Iran Nuclear Compromise Coming Despite Netanyahu Tweets

Netanyahu tweets angrily against a compromise with Iran on nuclear program

Netanyahu tweets angrily against a compromise with Iran on nuclear program

Just ahead of Geneva talks, a compromise may be nearing for Iran’s nuclear dealings despite what Benjamin Netanyahu tweets in anger.

On Friday, a senior U.S. official mentioned a solution is possible and could be accomplished next week. The official highlighted how it is the first time in a decade “we are getting close to a first step that would stop the Iranian nuclear program from advancing and roll it back in key areas.”

The Geneva talks are scheduled for next week with six of the world powers- the U.S., France, Britain, Germany, Russia, and China with Iran. Diplomats from the West would like to halt Iran’s nuclear endeavors for six months until a more comprehensive agreement is made which ensures the program in Tehran is for civilian reasons. Iran continuously maintains that the nuclear program is peaceful. Experts fear capabilities of a nuclear Iran would mean the country could develop nuclear weapons.

It is clear American officials want a solution with Iran allowed to deal with uranium at a level of 3.5 percent, which is what is used for civilian nuclear purposes. This condition must be met with Iran permitting strict verification. Iran already has uranium enriched to 20 percent. That could be used to power specialty reactors but also is very close to weapon-grade uranium.

Ahead of the Geneva talks, sentiment around the world is showing that a compromise with Iran over its nuclear program is possibly coming, despite Netanyahu and his supporters. Just the prospect of a deal reached is encouraging. This has provoked Netanyahu to angrily tweet and invoked criticism from Republicans and a few Democrats. They are joining Netanyahu who is trying to mount a campaign against an agreement with Iran.

Netanyahu has arranged meetings with France, Russia and the U.S. ahead of the Geneva talks, which Israel will not join. President Hollande of France is due to meet with him early this week. Then he will travel to Moscow to meet President Putin on Wednesday. Finally on Friday, he will meet with U.S. Secretary of State, John Kerry in Jerusalem. Netanyahu made it clear he will be discussing Iran with all government officials and that he wants the continuation of the sanctions, not a compromise.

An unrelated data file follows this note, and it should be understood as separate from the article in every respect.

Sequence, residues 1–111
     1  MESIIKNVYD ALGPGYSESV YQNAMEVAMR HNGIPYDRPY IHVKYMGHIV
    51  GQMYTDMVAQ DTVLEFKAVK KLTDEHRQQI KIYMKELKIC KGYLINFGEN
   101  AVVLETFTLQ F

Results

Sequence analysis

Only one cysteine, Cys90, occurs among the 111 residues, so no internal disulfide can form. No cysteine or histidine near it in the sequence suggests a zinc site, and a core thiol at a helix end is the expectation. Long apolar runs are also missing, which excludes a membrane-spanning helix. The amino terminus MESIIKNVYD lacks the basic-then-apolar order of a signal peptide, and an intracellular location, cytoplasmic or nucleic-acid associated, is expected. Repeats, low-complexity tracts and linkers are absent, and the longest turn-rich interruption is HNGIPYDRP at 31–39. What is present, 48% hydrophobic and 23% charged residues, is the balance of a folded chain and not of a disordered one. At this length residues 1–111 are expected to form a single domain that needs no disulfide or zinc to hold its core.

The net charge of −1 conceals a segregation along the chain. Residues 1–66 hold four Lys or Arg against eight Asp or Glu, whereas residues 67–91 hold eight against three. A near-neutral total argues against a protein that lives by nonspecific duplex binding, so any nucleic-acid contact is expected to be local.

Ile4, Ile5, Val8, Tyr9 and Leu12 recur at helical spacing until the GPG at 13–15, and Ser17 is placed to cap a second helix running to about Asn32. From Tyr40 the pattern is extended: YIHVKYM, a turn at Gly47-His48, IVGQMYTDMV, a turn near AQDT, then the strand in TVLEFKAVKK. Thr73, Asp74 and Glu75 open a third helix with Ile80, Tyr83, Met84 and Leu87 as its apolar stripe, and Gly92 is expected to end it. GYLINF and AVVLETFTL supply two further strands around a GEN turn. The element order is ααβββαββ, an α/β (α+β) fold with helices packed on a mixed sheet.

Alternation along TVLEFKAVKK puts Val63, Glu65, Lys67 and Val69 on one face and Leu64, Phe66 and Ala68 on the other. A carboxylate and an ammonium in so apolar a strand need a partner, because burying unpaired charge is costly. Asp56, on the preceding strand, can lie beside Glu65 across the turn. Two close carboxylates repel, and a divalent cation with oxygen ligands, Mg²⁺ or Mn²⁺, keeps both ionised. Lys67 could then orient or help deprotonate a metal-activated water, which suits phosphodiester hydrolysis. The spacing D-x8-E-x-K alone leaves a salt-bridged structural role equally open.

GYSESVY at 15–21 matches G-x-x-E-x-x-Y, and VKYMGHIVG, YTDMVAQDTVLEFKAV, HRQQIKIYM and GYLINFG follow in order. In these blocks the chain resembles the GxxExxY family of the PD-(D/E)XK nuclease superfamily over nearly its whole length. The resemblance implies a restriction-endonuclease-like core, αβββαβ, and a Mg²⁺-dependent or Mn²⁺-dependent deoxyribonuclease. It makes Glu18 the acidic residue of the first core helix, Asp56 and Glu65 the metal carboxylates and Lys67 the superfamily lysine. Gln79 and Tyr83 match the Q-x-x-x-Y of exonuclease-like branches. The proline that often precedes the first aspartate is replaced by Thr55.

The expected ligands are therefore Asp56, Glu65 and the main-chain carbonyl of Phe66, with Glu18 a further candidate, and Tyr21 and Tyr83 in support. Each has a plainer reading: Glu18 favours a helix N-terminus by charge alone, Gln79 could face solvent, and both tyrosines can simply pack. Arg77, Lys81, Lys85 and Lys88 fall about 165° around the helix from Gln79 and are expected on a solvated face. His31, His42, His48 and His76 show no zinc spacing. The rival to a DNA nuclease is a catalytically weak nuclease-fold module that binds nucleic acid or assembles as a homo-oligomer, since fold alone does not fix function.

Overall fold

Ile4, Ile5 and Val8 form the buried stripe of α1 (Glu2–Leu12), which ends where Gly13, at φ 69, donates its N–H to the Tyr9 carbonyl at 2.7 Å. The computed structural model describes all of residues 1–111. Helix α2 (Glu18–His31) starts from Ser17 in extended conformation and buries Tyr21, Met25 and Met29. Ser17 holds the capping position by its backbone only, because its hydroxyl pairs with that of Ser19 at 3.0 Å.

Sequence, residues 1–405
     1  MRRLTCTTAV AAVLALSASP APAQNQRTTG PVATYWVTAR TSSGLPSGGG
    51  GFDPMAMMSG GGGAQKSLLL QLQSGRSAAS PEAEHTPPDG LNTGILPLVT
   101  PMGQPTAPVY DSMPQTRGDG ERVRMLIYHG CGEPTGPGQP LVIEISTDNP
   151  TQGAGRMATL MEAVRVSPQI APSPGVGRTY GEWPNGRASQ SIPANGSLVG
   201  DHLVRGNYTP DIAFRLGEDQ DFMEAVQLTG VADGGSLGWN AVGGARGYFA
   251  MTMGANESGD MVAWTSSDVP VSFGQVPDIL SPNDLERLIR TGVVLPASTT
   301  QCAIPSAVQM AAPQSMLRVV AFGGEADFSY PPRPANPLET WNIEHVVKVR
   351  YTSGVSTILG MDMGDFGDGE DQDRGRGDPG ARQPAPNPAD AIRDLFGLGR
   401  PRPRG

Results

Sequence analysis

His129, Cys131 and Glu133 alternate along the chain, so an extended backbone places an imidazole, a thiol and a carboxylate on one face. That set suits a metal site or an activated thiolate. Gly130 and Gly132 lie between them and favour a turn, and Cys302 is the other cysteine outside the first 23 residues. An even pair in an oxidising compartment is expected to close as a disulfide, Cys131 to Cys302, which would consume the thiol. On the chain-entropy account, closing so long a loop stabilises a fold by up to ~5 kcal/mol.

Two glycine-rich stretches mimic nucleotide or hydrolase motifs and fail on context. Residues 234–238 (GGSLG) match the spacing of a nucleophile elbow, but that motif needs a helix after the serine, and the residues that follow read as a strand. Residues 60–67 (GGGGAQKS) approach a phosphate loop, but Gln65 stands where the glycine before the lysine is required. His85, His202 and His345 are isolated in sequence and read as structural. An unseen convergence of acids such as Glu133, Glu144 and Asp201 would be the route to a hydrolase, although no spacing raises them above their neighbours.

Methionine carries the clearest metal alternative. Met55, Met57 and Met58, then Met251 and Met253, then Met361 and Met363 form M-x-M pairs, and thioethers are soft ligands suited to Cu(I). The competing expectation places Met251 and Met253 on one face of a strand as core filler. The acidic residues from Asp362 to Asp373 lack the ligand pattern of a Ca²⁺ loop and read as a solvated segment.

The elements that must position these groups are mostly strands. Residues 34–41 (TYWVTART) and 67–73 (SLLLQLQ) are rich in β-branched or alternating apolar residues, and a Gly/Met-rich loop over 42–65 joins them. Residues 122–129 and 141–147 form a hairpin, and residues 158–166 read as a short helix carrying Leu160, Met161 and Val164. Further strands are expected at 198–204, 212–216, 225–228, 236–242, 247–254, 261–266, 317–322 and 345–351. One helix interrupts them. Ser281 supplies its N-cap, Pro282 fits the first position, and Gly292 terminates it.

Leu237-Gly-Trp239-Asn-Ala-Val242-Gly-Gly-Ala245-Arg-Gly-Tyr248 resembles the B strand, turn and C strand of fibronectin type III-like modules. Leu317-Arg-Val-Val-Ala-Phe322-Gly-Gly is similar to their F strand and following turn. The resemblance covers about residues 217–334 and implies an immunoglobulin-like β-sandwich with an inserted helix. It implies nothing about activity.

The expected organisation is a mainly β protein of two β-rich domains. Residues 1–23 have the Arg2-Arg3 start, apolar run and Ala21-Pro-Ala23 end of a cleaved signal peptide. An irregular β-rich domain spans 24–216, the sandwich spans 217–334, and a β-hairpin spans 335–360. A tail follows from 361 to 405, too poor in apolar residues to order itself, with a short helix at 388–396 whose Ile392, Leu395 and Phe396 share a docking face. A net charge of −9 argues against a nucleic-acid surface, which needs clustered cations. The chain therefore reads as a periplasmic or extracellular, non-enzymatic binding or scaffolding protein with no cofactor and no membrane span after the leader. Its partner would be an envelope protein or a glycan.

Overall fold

On Twitter, he voiced his opinions openly by tweeting “I hope we will be able to convince our friends this week … to reach a much better deal, and it’s possible to obtain that because Iran is under economic pressure and by the continuation of this pressure — and even by increasing it — can lead to a much better result of a diplomatic solution in peaceful ways.”

The U.S. and Israel have a strained relationship since President Obama and Netanyahu do not align on all issues.  On Sunday, Netanyahu said their differing opinions happen between even the “best of friends.”

Referring to a compromise with Iran as a “bad deal,” he continues to caution the West to not embrace solutions. He tweeted, “Iran is on its knees economically” and then tried to strike fear again by tweeting “the proposal enables Iran to develop atomic bombs and build long-range missiles to reach the U.S. and Europe.”

Despite outcries from Netanyahu, Russia also shows positive sentiment towards a compromise with Iran about its nuclear program.

The foreign minister, Sergey Lavrov, publicly broadcasted a statement on Saturday that the deal could be made and how being this close means an end to the decade-long standoff should not be conceded. His statements were broadcasted on the state run TV station, TVC. He also added, “our common impression is that there is a very good chance now.”

If an agreement is made in Geneva, the U.S. will ease the economic sanctions posed on Iran. In return, Iran will be able to access its frozen assets. American officials confirm Iran has around $100 billion in reserves, mainly in overseas accounts.

The world is opening to a compromise with Iran on the country’s nuclear program while Netanyahu continues to confirm his disapproval via constant tweets. President Obama, countered the negative outbursts by Netanyahu by stating “let’s test how willing they are to actually resolve this diplomatically and peacefully.” It seems world powers are open to a peaceful compromise with a nuclear Iran.

By Cayce Manesiotis


The New York Times